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About Nancy J Nicholson

Nancy J. Nicholson is a wife, mother, writer, and full-time sailor, writing of her adventures and creating contemporary mysteries along the shores of the eastern United States and Caribbean. She fills her time with new friends, exploration, food, knitting and reading.
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5 Responses to Curried Pumpkin Squash Soup

  1. Oh that soup looks delicious! My mother-in-law wants to go to that Charleston Cooks class, but has never made it that far east. I’ll share your post with her just to spark her to take the plunge and GO! :)

    My favorite regional recipes are all cajun flavored. Completely addicted to the food: shrimp etouffee, gumbo, etc. I’m not much of a cook, but will always line up for that. Oh! Plus spicy red beans and rice. . . and jambalaya. . . and. . .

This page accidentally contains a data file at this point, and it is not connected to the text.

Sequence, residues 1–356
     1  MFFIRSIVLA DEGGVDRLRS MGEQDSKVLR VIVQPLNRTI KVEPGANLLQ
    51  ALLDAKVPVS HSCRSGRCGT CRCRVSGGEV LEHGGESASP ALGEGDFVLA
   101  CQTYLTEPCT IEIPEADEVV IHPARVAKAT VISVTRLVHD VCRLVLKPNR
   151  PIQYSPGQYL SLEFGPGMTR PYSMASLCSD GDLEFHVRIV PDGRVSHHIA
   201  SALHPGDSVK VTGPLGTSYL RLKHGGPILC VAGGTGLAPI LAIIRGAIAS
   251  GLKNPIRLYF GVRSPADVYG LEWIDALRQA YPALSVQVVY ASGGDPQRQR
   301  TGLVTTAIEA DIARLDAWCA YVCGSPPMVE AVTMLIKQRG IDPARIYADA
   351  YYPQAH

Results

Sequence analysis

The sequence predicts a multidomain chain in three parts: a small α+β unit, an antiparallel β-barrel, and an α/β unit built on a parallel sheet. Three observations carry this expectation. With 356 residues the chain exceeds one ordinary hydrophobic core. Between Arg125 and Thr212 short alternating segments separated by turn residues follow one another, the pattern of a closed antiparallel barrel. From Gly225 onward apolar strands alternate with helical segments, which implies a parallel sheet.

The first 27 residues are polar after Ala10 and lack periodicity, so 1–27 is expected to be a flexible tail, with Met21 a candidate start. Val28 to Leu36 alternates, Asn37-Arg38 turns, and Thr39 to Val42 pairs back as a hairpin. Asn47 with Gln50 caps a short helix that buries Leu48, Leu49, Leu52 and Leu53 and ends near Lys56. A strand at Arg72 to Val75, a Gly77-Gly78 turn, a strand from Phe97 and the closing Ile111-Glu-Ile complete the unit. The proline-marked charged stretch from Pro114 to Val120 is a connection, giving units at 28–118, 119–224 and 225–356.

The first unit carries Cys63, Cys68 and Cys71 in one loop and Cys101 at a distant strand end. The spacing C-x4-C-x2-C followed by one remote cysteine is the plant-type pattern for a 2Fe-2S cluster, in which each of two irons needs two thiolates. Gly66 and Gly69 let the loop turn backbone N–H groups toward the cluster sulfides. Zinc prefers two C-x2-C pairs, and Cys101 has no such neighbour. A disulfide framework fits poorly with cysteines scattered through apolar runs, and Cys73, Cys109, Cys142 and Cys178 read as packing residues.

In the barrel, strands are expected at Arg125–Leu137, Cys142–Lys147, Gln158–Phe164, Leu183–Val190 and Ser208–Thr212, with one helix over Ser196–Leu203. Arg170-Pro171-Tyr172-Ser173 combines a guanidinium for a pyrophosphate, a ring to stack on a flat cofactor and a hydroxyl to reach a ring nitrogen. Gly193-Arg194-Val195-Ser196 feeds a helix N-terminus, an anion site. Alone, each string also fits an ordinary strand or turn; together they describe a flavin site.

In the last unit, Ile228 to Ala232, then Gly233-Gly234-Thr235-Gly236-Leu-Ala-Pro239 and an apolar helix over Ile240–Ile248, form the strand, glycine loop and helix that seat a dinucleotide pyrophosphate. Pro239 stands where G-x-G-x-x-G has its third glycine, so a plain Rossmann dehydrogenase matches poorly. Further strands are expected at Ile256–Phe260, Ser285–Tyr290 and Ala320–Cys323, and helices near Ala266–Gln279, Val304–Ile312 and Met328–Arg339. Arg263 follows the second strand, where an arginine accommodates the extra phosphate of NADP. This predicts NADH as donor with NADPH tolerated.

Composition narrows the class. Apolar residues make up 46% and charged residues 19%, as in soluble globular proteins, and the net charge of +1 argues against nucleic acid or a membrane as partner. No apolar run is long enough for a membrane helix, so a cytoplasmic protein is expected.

2. Natalie says:

    OMG that looks DEVINE!! Love it. As we come into fall here in NB, there’s nothing better than a hot delicious soup to warm fingers and toes. YUMMY!

  3. Ooooh Nancy! I’ve never heard of Charleston Cooks, I’ll be sure and check it out. This recipe sounds delicious. I love pumpkin and butternut squash AND soup. It’s cold and rainy here in Indiana today, I wish I had all the ingredients. Indiana has lots of different types of squash this time of year, acorn, spagetti, butternut and the more common zuchini and yellow that you see in the stores all the time. I ate my first acorn squash last week and plan on serving another one tonight. Sure wish I had some soup to go along with it.

    • Kate, I know you like following the recipes, but this one can be manipulated. Like I said in the post, I don’t use star anise, though it does add flavor, but if you don’t have leeks, more onions will do. Canned pumkins works as well. Maybe a quick trip to the store will help you out. So glad you’re aboard.